REVIEW: Vampire Weekend "Father Of The Bride"

Picture: Matt Martin

Picture: Matt Martin

While far from the band’s most cutting-edge work, Vampire Weekend’s fourth studio album is a colourful and wildly enjoyable pop extravaganza, writes Matthew Forbes

It might sound a little crazy, but Vampire Weekend’s newest album might be the most ‘Vampire Weekend’ thing they’ve done.

Continuing on from the stylistic pivot that occurred on the New York band’s last album, Father of the Bride pulls from an extensive range of musical styles while mostly rooting itself in the pop and rock sounds of the 60’s and 70’s, as well as an overarching ‘jam band’ aesthetic a la the Grateful Dead.


Beneath the quirky demeanour and odd production of their previous work these influences have always been present, so Father of the Bride doesn’t feel like an unnatural development.

The track ‘Bambina’ alternates between high energy rock-&-roll verses and more subdued passages that would fit snugly onto either of the band’s last two albums.


Many of the songs here utilise a stylistic and dynamic variation that makes their brighter, explosive sections all the more enthralling. Lead single ‘Harmony Hall’ exemplifies this perfectly, with verses featuring peaceful acoustic guitars and a folky vocal melody leading into a shimmering, euphoric piano-driven chorus.


The generally more accessible sounds the band toy with on this album are met with some of their most direct yet despondent lyricism yet. Frontman Ezra Koenig tackles everything from environmental degradation to marital problems. The latter of these becomes most apparent on the tracks featuring Danielle Haim’s gorgeous co-lead vocals and cutesy sung banter with Koenig.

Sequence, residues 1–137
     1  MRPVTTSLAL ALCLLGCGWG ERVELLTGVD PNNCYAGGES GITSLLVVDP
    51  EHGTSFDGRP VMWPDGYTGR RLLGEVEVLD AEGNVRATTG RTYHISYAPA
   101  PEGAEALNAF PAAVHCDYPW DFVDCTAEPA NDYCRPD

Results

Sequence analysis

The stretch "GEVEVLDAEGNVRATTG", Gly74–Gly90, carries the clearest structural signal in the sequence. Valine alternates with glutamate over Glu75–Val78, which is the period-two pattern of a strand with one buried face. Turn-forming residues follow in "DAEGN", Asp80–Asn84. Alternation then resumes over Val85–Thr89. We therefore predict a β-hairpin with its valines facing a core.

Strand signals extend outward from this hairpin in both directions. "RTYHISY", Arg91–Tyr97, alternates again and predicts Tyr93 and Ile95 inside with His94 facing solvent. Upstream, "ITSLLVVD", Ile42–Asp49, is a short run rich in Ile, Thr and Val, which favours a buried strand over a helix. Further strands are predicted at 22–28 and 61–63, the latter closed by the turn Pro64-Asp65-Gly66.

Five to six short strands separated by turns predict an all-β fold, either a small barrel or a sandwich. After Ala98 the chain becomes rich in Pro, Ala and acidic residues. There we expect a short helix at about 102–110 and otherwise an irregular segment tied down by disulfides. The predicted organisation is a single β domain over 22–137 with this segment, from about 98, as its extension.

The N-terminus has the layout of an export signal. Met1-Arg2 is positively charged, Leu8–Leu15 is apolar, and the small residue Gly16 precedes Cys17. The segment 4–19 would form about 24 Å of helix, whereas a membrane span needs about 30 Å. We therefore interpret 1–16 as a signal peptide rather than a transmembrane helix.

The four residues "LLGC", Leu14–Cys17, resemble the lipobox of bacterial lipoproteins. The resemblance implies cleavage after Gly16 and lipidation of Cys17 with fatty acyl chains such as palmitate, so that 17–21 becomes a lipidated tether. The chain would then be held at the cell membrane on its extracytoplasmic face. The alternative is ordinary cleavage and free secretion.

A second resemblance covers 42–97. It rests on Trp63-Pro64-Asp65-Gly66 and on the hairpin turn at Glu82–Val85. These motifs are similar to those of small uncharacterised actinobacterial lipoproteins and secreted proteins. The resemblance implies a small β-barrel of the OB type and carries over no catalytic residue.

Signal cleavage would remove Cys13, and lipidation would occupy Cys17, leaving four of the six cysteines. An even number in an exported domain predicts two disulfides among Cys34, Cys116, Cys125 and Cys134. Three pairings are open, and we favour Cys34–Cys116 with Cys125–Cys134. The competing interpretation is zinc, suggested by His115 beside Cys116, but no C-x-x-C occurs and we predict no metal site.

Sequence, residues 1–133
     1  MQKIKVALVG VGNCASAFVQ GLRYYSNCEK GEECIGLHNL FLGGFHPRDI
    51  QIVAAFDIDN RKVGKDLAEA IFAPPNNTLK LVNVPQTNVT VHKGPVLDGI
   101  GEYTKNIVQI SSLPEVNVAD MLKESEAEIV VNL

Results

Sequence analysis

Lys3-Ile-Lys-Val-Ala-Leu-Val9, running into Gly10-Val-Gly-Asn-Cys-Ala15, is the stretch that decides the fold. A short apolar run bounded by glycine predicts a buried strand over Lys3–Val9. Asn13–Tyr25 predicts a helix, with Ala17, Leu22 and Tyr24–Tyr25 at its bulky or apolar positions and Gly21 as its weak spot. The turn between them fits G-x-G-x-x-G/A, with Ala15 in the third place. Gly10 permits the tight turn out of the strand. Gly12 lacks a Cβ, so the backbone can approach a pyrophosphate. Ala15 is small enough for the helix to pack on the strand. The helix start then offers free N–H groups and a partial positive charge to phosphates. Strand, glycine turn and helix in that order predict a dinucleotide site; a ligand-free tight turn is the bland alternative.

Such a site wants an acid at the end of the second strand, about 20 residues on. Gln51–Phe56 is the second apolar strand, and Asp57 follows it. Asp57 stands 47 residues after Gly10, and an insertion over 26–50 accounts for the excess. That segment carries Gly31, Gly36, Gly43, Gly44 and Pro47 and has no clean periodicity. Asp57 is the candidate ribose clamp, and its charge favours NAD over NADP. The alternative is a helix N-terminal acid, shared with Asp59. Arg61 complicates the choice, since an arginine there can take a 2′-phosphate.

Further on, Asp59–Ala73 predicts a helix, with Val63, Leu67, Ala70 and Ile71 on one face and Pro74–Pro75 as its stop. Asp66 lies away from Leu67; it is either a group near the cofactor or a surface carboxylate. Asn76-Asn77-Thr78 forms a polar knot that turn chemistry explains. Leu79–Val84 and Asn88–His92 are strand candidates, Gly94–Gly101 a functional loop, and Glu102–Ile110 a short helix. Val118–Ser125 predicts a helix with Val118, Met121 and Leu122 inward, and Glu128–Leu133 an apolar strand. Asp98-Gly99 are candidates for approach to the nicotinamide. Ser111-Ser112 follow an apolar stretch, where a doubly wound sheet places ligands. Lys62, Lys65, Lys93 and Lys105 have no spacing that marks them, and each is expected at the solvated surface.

Particularly dark themes cut through on some of the most musically cheery tracks on the album. Take the irresistible ‘This Life’, for one. It’s possibly the clearest example of Paul Simon inspiration on the entire record due to its lively instrumentation and the way that it makes existential dread sound way more fun than you’d expect.


Though it may toe the line at times, this album remarkably manages to steer clear of any majorly corny territory. There’s a lot of carefully composed and lavishly arranged pop songs here that show a deep appreciation for classic songwriting while incorporating modern twists.

‘Married in a Gold Rush’ is a country song at heart, but it’s predominantly led by bright, stuttered synth chords and a constant electronic kick drum.

This contrast works to similarly great effect on ‘Jerusalem, New York, Berlin’, which features a rustic piano and a throbbing electronic bass line as its sole instrumentation.

Admittedly, this blend of old and new falls short on a couple of occasions, like the inclusion of some lifeless sampled vocals in the otherwise peppy ‘Sympathy’, or the gimmicky sound effects on ‘How Long?’.

While I’m complaining, it’s worth mentioning that the variety of textures the band and their collaborators construct on this album aren’t always as fulfilling as they could be. Despite its anthemic melodies, ‘We Belong Together’ suffers from a hollow mix during the grander instrumental passages of the song.

The far sparser ‘Sunflower’ is certainly smooth, but feels majorly under-written and under-arranged compared to so many other songs on the album (even ones shorter than it, like ‘2021’).


Despite these issues, it’s incredibly difficult to deny how enjoyable a lot of Father of the Bride is. On top of that, it barely drags at all during its 58-minute runtime, which is a feat of its own.


What it lacks by way of the experimentation and eccentricity that made the band’s earlier albums so exciting is made up for by the captivating and infectious songwriting and a kaleidoscopic approach to genre that ultimately makes for a rewarding listen.

James NewboldComment